The goal of any writer, editor, or otherwise is to have their work read as quickly and effortlessly by readers. It’s important that you’re able to hit those high notes because if not then people will simply stop reading! But don’t worry there are lots of ways to self-edit your own writing (so even when an editor isn’t available), they can still enjoy what was written without feeling too frustrated with how difficult it might’ve been understood due in large part thanks to all these tips below:
Paper over screen
You can find spelling mistakes, sentence fragments, and run-ons more easily when reading your words on the printed page because they are easier to spot than trying to track them down against a bright computer screen; you might even want to change up some formatting if that helps give an alternative perspective of what’s happening in each paragraph.
Do you hear yourself?
As a writer, you want to make sure that what comes out sounds witty and intelligent. But how do we know if our writing actually does either? The best way for me as an author was when I heard myself talk back in real-time while editing. Listening to how your writing sounds can also help you listen for lines that don’t sound right, like characterless sentences or overuse of particular phrases. Sometimes a writer doesn’t realize their sentence structure is poor until they hear it read aloud.
Edit each line
When you’re editing your own work, it’s important to look closely at the words that were written. A good editor will systematically go through every line of a piece and I suggest doing this as well so any outstanding issues can be found like grammatical errors or typos before they become distracting in tone with other aspects of content. It is a tedious process that may seem difficult but when done properly these tasks should not take too long-just patience!
Take a break
We all know the feeling of staring at our computer screens wondering what we are doing with our lives. When you first start writing, it’s easy to get wrapped up in your thoughts and not see what is written. Stepping away from the document will allow for a fresh perspective that can help with improving sentence structure as well as creative issues like clutter or lackluster subjects.
Editing your own work isn’t easy but finishing the job by making changes on paper can feel satisfying. While most would argue that you cannot beat a professional editor here are a few online tools that can help any writer.
What if I told you there was no such thing as writer’s block? Here are 3 quick tips for beating writer’s block. The only time a person gets “writer’s block” is when they stop writing. And even then, it doesn’t exist because by not doing anything we create an idea in our head and make ourselves think about what comes next instead of just sitting around waiting for something to come along naturally like magic!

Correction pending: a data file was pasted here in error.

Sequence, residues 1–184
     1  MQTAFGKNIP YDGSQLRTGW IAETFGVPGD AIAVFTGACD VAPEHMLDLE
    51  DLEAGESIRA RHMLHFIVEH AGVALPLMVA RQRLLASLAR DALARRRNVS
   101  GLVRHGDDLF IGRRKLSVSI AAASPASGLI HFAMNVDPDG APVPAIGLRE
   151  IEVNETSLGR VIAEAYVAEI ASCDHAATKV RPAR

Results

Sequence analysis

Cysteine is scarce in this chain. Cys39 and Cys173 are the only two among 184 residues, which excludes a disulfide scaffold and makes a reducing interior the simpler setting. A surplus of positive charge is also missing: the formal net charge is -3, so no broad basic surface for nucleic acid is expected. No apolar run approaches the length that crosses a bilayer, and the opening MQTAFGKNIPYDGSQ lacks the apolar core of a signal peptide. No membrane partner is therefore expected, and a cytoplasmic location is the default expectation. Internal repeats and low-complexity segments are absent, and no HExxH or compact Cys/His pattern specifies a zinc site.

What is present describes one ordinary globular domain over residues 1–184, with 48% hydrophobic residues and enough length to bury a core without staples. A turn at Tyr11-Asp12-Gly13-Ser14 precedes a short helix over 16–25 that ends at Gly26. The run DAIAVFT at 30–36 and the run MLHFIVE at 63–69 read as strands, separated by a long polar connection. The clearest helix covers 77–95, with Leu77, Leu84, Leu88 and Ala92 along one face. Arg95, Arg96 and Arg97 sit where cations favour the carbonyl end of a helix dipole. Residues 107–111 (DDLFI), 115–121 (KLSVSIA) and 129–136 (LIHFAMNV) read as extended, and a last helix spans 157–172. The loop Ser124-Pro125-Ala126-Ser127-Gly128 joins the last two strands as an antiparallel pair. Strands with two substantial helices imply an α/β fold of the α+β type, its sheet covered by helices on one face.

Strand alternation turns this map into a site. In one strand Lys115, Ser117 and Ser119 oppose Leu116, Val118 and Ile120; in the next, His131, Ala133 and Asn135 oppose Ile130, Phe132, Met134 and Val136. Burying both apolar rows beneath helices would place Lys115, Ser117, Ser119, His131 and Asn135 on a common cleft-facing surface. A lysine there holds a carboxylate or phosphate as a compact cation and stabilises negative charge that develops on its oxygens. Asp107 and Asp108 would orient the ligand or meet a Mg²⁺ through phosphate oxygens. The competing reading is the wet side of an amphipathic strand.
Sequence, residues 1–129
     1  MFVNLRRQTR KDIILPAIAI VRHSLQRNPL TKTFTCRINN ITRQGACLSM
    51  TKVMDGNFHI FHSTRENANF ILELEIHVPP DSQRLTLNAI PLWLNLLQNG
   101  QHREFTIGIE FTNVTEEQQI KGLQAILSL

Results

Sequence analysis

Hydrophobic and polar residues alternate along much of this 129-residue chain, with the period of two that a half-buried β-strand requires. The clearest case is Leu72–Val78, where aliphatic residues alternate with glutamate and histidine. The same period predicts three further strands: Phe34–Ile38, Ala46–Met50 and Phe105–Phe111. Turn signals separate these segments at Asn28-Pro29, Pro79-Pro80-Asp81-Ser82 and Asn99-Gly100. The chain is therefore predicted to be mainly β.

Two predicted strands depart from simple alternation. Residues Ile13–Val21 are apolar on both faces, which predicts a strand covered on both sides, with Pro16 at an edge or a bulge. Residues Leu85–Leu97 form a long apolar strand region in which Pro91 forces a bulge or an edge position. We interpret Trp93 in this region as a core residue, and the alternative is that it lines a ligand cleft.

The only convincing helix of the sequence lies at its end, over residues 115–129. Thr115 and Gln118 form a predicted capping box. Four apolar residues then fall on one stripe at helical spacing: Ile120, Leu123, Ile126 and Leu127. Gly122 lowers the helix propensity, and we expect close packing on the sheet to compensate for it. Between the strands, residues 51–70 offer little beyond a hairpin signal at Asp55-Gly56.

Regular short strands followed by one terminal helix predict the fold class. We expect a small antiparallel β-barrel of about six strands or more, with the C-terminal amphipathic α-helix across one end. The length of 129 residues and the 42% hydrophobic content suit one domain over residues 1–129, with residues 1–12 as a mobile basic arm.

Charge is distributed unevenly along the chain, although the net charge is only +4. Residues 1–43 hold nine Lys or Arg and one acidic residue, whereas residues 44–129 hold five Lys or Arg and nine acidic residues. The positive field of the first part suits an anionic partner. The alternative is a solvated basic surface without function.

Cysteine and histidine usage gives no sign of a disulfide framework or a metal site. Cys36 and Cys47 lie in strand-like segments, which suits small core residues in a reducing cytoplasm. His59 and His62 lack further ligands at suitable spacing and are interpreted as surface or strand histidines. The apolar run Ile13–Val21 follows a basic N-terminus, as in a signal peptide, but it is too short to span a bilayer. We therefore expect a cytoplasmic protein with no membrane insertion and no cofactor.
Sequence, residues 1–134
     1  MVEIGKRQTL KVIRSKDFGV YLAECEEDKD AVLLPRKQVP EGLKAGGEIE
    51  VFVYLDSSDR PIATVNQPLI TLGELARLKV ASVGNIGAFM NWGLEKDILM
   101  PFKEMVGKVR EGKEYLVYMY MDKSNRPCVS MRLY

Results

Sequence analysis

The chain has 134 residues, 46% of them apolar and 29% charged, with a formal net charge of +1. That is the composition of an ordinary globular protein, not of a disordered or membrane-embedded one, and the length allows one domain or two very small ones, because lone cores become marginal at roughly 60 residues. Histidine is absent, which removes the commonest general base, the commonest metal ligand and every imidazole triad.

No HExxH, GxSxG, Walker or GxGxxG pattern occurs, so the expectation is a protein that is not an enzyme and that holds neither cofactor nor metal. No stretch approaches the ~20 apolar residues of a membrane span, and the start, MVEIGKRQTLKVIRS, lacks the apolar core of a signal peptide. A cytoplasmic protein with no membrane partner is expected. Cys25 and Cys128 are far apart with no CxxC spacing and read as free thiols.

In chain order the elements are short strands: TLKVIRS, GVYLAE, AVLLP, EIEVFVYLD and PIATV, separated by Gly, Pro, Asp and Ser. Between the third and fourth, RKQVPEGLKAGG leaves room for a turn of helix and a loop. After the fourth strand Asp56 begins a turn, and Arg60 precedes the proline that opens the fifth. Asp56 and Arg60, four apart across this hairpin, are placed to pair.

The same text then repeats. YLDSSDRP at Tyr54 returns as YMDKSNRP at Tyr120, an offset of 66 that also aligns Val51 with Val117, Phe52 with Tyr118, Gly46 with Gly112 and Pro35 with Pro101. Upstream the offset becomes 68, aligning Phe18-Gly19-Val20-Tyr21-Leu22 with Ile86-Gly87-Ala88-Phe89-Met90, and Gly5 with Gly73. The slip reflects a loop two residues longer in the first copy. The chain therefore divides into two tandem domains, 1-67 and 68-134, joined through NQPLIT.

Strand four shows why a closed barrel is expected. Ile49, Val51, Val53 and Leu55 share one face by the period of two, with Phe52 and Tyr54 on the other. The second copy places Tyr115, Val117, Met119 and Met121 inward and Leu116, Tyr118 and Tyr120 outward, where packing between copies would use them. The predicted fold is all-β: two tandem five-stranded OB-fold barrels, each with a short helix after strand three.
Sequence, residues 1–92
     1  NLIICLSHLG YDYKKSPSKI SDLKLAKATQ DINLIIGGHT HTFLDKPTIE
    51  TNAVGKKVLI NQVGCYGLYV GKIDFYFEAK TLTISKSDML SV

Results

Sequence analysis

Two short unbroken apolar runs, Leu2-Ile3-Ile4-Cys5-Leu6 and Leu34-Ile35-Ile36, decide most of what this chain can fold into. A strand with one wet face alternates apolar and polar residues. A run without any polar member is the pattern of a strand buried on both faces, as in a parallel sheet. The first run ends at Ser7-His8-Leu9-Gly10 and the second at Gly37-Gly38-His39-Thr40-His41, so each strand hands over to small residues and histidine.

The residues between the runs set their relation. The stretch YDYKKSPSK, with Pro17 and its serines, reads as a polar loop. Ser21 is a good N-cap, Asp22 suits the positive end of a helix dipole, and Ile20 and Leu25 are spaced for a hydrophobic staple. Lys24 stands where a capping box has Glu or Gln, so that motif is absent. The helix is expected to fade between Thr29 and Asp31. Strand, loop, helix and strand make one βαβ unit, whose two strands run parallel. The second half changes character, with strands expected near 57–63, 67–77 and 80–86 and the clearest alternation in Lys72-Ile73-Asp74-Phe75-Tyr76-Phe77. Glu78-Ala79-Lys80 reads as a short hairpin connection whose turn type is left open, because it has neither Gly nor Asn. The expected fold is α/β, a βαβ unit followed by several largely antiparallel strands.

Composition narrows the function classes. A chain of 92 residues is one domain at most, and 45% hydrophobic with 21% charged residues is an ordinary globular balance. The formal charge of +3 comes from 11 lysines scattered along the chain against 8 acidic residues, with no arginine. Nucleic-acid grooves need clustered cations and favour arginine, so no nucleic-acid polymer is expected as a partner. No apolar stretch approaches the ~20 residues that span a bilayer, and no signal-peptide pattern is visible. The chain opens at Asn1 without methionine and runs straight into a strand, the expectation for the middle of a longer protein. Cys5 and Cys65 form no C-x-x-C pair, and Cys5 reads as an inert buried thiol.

Do not be afraid to Fail
Your writing might not be perfect, but that’s the whole point. In fact, the more you do it the better! When you stop being afraid and allow yourself the freedom to just write, your words will come out more creatively and with a better tone of voice. And yes, I am going to edit later either way so…
Don’t set unreachable goals
Remember that writer who sat down and wrote a novel in one night? Yeah, I don’t either. Setting goals is an important part of any personal development journey, but it’s also something that can be challenging. The first step to goal-setting success should always involve setting achievable targets and not unrealistic objectives because if they are too high then you’re more likely just going to backslide instead of improving yourself in some form or fashion.
When you’re feeling stuck in a creative rut, it can be tempting to give up on all your projects. But the reality of life is that we will often only work on one thing at once–and if this doesn’t click for some reason or another-you just switch over until something does!
You are not blocked, you just got too much greatness going.
There are so many great ideas in your head but nothing that meets the criteria for greatness! The key here though is not to get discouraged when it feels like there isn’t anything worth writing about; instead focus on what inspires or interests YOU personally – because after all this will be something only made up by yourself anyway :). Also check out our article 6 Tips for Beginners.
Every writer wants to improve in their craft. These six tips for beginners will help you grow as a beginning writer.
1. Keep a notebook with details of your characters:
Keeping the essential details about your characters together in one place will help you think better and write faster. You can combine character sheets, timelines, and plot notes into one document that allows you to jot down what happens when while keeping track of who said what. This is known as writing organically.
2. Set a goal for daily writing
Before you know it, your imagination can take control and you find yourself spending hours at a time in front of your computer screen, even though there’s no real inspiration going on in your head. This is something which I have seen happen several times with newcomers – they just don’t know when to stop! You should ideally set a target word or page count each day and then try to complete that every day. Try not to go over this throughout the first draft of your novel.
3. Balancing dialogue throughout your story.